From “Growing in the character of a disciple”: Chapter 5 – God’s assessment of the faithfulness of the kings of Judah and Israel
Now look at Amaziah’s son, King Uzziah of Judah. He too began well but then allowed himself to slip. He dropped his standards as a result of the same problems of pride, over-confidence and presumption:
1And all the people of Judah took Uzzi’ah, who was sixteen years old, and made him king instead of his father Amazi’ah. 2He built Eloth and restored it to Judah, after the king slept with his fathers. 3Uzzi’ah was sixteen years old when he began to reign, and he reigned fifty-two years in Jerusalem. His mother’s name was Jecoli’ah of Jerusalem. 4And he did what was right in the eyes of the LORD, according to all that his father Amazi’ah had done. 5He set himself to seek God in the days of Zechari’ah, who instructed him in the fear of God; and as long as he sought the LORD, God made him prosper.2 Chronicles 26:1-5 (RSV)
Here we see God’s assessment of how King Uzziah began his reign. It focuses entirely on the fact that he:
a) did what was right in the eyes of the LORD
b) feared God
c) sought the LORD
Again, none of these things have anything to do with Uzziah’s abilities, achievements or victories in battles. They are all about his loyalty and faithfulness to God. That makes sense. Why should God praise us or reward us for our talents or abilities, when it was He that gave them all to us in the first place? Those things interest us, but not God, because our talents do not entitle us to any credit or reward.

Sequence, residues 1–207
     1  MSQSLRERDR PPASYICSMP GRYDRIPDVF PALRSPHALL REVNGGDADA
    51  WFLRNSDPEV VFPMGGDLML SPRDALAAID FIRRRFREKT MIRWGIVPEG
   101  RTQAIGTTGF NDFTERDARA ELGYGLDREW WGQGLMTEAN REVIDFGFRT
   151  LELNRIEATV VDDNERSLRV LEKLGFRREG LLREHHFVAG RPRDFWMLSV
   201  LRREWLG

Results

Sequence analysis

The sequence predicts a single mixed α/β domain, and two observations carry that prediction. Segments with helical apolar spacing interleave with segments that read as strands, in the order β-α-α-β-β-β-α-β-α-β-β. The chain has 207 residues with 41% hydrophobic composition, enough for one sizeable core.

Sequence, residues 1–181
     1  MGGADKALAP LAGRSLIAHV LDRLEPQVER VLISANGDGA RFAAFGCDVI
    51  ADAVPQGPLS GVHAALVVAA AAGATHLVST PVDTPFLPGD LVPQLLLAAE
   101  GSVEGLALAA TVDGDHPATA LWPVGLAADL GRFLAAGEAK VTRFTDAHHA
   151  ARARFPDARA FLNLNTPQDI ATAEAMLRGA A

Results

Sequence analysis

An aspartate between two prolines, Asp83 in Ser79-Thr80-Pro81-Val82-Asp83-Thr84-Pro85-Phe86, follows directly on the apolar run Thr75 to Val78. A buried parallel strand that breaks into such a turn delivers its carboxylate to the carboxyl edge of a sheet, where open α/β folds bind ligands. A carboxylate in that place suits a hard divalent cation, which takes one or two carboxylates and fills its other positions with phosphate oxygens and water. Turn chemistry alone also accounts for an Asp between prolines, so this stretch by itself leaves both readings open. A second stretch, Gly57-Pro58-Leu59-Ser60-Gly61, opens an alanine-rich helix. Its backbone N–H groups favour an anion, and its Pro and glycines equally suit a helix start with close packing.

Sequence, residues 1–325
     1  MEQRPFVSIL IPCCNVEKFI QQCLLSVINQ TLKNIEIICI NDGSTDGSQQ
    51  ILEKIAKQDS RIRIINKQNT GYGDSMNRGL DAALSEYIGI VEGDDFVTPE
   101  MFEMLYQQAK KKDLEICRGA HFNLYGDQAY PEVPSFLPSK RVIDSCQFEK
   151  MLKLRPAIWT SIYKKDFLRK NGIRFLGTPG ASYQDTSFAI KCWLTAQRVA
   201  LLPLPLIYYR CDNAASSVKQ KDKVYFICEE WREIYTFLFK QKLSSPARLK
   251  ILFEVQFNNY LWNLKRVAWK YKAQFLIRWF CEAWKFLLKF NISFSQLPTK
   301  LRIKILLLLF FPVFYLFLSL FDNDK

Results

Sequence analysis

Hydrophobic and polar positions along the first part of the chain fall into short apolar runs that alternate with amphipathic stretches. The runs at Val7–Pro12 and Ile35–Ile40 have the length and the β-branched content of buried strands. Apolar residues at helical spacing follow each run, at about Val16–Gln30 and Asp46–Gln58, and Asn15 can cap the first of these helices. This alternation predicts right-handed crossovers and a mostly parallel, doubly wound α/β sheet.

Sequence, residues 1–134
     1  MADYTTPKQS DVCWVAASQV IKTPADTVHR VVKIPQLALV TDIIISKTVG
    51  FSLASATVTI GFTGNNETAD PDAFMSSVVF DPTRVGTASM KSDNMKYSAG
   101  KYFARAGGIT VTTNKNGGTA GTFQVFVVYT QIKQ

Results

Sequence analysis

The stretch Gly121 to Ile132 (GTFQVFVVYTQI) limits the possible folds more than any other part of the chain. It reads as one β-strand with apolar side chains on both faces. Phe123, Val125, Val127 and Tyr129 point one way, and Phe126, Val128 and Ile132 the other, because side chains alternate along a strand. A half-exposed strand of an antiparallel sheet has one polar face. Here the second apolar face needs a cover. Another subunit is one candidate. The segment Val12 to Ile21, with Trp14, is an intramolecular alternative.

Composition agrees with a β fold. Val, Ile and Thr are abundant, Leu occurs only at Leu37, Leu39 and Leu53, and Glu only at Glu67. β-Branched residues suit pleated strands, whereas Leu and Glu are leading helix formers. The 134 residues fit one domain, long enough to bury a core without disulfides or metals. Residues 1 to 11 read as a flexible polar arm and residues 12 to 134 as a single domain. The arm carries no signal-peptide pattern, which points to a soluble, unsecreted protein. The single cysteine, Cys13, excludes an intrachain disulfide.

Thus, in a certain sense, it would be inappropriate to praise Mozart for what he composed, given that the music usually just arrived, complete, in Mozart’s head. All he had to do was to write it down. It was all given to him by God. So the credit for Mozart’s music really belongs to God, more than to Mozart. However, what we could praise Mozart for is his diligence in writing it down after he had received it in his head. That states the extent of Mozart’s contribution more accurately. He was a diligent worker, for which he deserves credit, but the music itself was God’s, not his.
The same principle applies to the Kings of Israel and also to us. When we appear before Jesus at the Judgment Seat of Christ, He will not reward us for being good looking or clever or successful or powerful. If we have any of those things it is no credit to us, because they came from Him, not us.
Jesus will limit Himself, therefore, to rewarding us for our faithfulness in terms of what we did with what He gave us. So, at the Judgment Seat of Christ those who were given great talent have no advantage over those who were given very little talent. Once you stop to consider this, it becomes obvious that that would be how God would see things.